So, if I was to pick a configuration, I would probably go for an i5, 8GB RAM, 128GB SSD, then add an extra 8GB RAM myself and have a decent sized thunderbolt 3 external drive to boot off cabled under the desk.
    No external drive would match the internal NVMe speed, even on Thunderbolt 3. So it is understandable that Apple reasonably fix their prices according to “competition” from external devices. Show me an external TB3 drive faster than the internal SSD then I’ll agree with you.
    It’s a Mac mini. I’ll repeat that. It’s a Mac mini.  I don’t care if the Mac Mini’s TB3 connected SSD is marginally slower than the soldered internal drive.  It will drop from ludicrously fast speeds to just astonishingly fast speeds. See Mike’s comment above where he is getting 40 gigabit/s throughput. TB and NVMe mean this ain’t SATA speeds anymore. The only negative will be still thinking of the prices Apple charges for SSD in their cheapest computer every time I boot it up.
    Ask him also how much does it cost. This is an Intel Optane SSD 905P (960 GB). Thunderbolt box not included.
    That particular config, the box is included, and it is not cheap. The drive as pictured is $1300, with the enclosure if you want it separately for $199.
  • Reply 78 of 152
    MichalPfeilMichalPfeil Posts: 8unconfirmed, member
    Looks like they got rid of the infrared port. Is this correct? Does this mean one can't use the apple remote with it for home theater use like controlling Plex or what not? 
  • Reply 79 of 152
    entropys said:
    entropys said:
    you know, all apple had to do was have both the RAM and the SSD in slots, and I think that would be a worthy Mac Mini. RAM only is only half way there.  Apple should be ashamed of what they charge for SSD upgrades. Ashamed.

    So, if I was to pick a configuration, I would probably go for an i5, 8GB RAM, 128GB SSD, then add an extra 8GB RAM myself and have a decent sized thunderbolt 3 external drive to boot off cabled under the desk.
    No external drive would match the internal NVMe speed, even on Thunderbolt 3. So it is understandable that Apple reasonably fix their prices according to “competition” from external devices. Show me an external TB3 drive faster than the internal SSD then I’ll agree with you.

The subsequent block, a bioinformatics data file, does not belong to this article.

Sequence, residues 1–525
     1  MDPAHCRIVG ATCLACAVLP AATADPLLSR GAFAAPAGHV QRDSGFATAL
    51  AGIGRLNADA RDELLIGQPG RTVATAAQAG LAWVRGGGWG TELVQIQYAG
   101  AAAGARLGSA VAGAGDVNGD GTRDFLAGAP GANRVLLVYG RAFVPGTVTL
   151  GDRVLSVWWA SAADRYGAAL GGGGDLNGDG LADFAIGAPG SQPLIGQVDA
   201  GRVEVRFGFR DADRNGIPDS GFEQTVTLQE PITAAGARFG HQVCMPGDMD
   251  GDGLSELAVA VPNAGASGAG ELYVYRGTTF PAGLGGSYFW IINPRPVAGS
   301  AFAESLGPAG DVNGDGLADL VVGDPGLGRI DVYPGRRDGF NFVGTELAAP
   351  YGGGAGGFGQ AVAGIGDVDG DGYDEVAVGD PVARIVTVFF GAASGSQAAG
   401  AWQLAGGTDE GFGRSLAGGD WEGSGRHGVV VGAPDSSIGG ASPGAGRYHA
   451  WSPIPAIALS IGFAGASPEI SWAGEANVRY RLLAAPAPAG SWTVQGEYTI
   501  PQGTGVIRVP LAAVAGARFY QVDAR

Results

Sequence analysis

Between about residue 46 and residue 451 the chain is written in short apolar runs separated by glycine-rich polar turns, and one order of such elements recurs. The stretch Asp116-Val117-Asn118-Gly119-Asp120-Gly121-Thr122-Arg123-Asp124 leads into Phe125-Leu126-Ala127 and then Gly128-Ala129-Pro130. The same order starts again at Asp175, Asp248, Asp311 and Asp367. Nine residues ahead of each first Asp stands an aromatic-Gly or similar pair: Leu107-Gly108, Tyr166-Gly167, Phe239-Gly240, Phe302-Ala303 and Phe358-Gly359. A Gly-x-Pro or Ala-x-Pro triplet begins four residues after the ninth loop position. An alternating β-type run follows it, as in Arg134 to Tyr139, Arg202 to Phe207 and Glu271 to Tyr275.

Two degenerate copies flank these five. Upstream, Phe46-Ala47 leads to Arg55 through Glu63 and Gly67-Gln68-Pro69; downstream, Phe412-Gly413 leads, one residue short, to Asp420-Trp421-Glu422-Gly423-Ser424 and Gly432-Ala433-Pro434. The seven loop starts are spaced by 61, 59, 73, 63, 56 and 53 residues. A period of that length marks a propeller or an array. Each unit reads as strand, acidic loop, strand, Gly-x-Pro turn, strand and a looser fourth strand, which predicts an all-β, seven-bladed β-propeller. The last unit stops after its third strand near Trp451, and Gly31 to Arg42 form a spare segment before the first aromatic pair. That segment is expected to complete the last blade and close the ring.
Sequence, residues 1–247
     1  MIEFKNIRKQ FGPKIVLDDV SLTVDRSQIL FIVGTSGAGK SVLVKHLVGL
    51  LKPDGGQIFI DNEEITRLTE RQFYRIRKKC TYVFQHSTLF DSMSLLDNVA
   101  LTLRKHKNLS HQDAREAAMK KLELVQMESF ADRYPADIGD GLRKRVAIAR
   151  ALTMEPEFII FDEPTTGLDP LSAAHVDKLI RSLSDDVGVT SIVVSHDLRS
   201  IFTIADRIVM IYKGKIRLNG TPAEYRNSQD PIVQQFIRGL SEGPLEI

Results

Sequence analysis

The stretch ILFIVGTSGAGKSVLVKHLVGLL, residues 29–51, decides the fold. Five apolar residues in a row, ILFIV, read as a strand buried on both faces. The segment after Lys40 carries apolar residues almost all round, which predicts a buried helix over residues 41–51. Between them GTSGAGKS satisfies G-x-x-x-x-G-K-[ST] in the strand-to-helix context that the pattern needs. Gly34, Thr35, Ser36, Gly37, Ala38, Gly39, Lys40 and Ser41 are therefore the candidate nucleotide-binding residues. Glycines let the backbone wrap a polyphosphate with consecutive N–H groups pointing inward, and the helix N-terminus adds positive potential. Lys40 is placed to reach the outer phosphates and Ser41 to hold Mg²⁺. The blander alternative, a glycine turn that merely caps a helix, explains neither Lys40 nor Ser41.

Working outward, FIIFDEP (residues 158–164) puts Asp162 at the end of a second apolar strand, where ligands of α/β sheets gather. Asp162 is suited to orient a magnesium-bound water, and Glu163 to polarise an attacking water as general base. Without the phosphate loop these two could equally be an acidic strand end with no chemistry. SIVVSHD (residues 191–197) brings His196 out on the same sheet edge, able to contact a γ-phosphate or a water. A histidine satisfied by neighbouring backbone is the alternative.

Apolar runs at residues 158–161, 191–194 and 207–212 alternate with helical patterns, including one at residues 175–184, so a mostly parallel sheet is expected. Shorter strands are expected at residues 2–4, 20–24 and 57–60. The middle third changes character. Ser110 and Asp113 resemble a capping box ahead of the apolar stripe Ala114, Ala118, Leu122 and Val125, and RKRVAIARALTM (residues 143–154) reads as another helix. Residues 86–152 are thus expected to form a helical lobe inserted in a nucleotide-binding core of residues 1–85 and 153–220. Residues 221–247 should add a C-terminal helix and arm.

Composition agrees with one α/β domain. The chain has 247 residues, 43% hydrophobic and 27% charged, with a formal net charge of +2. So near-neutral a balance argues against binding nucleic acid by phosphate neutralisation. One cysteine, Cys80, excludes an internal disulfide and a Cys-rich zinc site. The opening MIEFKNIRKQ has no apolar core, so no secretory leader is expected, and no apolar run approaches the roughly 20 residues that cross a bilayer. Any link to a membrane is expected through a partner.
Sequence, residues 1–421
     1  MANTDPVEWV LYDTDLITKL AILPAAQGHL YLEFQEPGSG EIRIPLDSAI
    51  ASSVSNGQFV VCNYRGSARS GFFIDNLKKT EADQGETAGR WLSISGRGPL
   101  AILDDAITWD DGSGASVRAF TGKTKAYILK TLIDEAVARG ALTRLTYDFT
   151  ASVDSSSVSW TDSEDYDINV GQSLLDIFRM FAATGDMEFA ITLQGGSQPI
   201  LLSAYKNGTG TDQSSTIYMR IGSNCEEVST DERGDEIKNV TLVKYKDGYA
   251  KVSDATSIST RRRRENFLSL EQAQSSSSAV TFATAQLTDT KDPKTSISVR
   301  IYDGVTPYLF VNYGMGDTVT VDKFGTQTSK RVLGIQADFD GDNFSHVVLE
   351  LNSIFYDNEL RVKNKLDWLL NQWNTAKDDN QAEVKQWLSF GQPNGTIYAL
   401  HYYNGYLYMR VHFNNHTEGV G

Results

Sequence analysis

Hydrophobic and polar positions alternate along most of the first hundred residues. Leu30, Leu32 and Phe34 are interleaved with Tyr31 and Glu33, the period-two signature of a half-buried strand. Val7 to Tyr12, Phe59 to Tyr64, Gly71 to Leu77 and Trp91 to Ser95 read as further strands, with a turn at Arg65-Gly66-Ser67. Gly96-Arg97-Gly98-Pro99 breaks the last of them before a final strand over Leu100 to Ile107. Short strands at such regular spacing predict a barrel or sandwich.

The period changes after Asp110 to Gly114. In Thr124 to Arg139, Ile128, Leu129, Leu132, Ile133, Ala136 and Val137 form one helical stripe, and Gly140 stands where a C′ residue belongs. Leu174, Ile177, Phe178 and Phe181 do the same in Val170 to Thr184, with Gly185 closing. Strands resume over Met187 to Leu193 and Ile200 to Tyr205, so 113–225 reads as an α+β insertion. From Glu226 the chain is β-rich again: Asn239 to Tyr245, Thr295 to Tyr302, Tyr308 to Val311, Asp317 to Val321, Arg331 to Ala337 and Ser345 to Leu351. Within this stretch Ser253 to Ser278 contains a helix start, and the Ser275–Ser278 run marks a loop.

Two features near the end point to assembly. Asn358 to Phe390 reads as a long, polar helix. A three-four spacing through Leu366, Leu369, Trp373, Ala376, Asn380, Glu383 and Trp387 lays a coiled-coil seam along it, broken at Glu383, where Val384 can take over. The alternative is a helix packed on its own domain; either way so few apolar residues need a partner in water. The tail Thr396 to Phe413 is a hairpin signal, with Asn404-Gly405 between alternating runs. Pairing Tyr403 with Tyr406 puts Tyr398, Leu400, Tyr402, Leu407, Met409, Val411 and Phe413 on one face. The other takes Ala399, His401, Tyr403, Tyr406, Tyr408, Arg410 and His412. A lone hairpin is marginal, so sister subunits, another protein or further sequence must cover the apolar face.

It’s a Mac mini. I’ll repeat that. It’s a Mac mini.  I don’t care if the Mac Mini’s TB3 connected SSD is marginally slower than the soldered internal drive.  It will drop from ludicrously fast speeds to just astonishingly fast speeds. See Mike’s comment above where he is getting 40 gigabit/s throughput. TB and NVMe mean this ain’t SATA speeds anymore. The only negative will be still thinking of the prices Apple charges for SSD in their cheapest computer every time I boot it up.
    Ask him also how much does it cost. This is an Intel Optane SSD 905P (960 GB). Thunderbolt box not included.
    That particular config, the box is included, and it is not cheap. The drive as pictured is $1300, with the enclosure if you want it separately for $199.
    Twice the price of basic Mac Mini, (almost, @ $1300). Apple’s 1 TB internal SSD upgrade is $800...
    edited November 2018 williamlondon
  • Reply 80 of 152
    Mike WuertheleMike Wuerthele Posts: 6,516administrator
    Looks like they got rid of the infrared port. Is this correct? Does this mean one can't use the apple remote with it for home theater use like controlling Plex or what not? 
    That is correct.